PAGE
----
In the "always important to check" "Commodities Corner", Tatyana Shumsky writes about TUNGSTEN prices soaring!!!  Yes, tungsten (the metal that is within 1% of being as dense as gold) is traded, but not in the futures market.  Tungsten is traded in ammonium para tun(g?)state, a powder.  This material trades around $420 per metric ton (I imagine the tungsten part of that compound is some 90% of the weight) so that would price tungsten metal at roughly $0.18 / lb.  CHEAP!  Most tungsten comes from (where else) China.  But, two Canadian companies produce the metal:

  • Malaga (MLG.Toronto) produces it in Peru!
  • North American Tungsten (NTC.Vancouver)
Both are "penny stocks"...  China is cutting back on tungsten exports (tungsten is very useful in the military...) and so tungsten supplies are tighter.  

Maybe China is also keeping some on hand to, well you know, make up some fake gold, hey, at 18 cents per lb...

I do have a bone to pick with her on tungsten though.  She says it is the second hardest substance after diamonds...  Maybe the second hardest ELEMENT, as I believe titanium nitride is harder and tungsten (something) is as well.  If I can track her down, I'll get this one straightened out (unless you tell me who is right DCFusor!)


Randall W. Forsyth ("Current Yield") knocks one right out of the park with this week's article!

He provides some more details on the $6 TRILLION Bond Fraud over there in Switzerland and Italy.  This apparently was a (laughable) scheme to defraud Swiss banks.  

He then goes on to write that it looks like some bondholders of Greek debt "are more equal than others".  Now when did we last hear something like that?  Oh, yeah right, GM.  It looks like game of "Screw the Bondholders" has reached Europe...

He then finishes with the observation that $99 billion of of real (as opposed to bogus) Treasury debt is up for sale this coming week.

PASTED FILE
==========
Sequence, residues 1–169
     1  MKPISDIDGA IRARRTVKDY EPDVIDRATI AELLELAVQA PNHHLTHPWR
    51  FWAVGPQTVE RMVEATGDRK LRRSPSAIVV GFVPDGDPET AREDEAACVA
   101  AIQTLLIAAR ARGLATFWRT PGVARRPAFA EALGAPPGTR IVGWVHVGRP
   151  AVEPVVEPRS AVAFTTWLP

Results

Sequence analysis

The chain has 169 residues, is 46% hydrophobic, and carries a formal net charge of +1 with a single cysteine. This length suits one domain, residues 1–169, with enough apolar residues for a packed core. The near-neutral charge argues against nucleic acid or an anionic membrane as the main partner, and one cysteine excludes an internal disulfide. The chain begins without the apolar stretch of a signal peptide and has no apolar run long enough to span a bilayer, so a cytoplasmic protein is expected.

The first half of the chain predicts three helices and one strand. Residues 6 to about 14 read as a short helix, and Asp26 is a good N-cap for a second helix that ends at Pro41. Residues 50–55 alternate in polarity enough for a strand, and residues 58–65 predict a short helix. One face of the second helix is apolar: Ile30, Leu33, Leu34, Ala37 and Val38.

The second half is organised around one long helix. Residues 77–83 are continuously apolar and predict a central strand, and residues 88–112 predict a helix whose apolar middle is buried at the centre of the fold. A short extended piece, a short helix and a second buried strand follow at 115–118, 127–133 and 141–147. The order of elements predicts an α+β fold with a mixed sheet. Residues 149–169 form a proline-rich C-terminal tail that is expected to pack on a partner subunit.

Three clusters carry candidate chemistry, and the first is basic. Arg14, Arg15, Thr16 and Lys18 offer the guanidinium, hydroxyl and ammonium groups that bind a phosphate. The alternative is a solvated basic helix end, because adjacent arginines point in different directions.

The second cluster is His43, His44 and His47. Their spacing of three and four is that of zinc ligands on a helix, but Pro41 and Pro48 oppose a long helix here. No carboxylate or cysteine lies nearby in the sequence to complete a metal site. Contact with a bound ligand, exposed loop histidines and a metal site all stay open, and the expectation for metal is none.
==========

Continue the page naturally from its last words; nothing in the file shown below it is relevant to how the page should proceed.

Five Stars, Randall!


No IPOs of note, some little ones I have never heard of.

The "Total" on the Fed's Balance Sheet inches closer to the probably important psychological of $3 trillion dollars (it is now at $2.978 trillion, up $4.6 billion last week).  You can be sure that Zero Hedge will have some fun with Fed when they finally cross that 3 trillion dollar total.

Money Stuff (for the economists out there who know more than I do):

-- Currency in Circulation (I will include this in the future): up 0.7%
-- Monetary Base: up 1.3%
-- M1 and M2 both essentially unchanged

I regret to report that the Mighty Peruvian Sol suffered a setback vs. the US$ this week, falling some 0.005% (very little, but still...).  That is only the second time I have noted a decline in the Sol over past few months I have been watching it.  Actually, that may be good for one reason: we are soon going to Peru!  So, bring it down, bitchez!  Save me some money!

Verdict:  I am Robert Mix and I approve buying this issue.


  1. Hi Robert!

    Thanks for commenting on my blog. I have been well aware of your presence at zerohedge for quite some time now. You are clearly well aware of the market issues, and it is pretty relaxing to see someone like yourself being an Fofoa fan.

    Regarding Meg Whitman. I am a Californian and was very much unimpressed by her campaign for the governorship. Granted, California is a predominantly blue state, but nevertheless, imo, it was fairly obvious that she was dead in the water from the get go. Additionally, I have a close friend that works for ebay, and he gave mixed reviews of her leadership in that role. I think that you hit the nail on the head when you state that she has a 'big job ahead of her.'

    Of course, her job might be easier if California had a more business friendly climate. California is one of the most advantaged states in the union when it comes to population, natural resources, agriculture, climate, and entertainment, but nevertheless it has been run poorly for virtually my entire life!

    I suppose that is par for the course these days however, so opining about it doesn't amount to much. Anyhow, I have been aware of your blog since you first started it and have it bookmarked. I will be sure to check in more often, as I am finding more and more, that the commenters and watchers of Fofoa are an intelligent bunch of folks.

    More for my confirmation bias eh!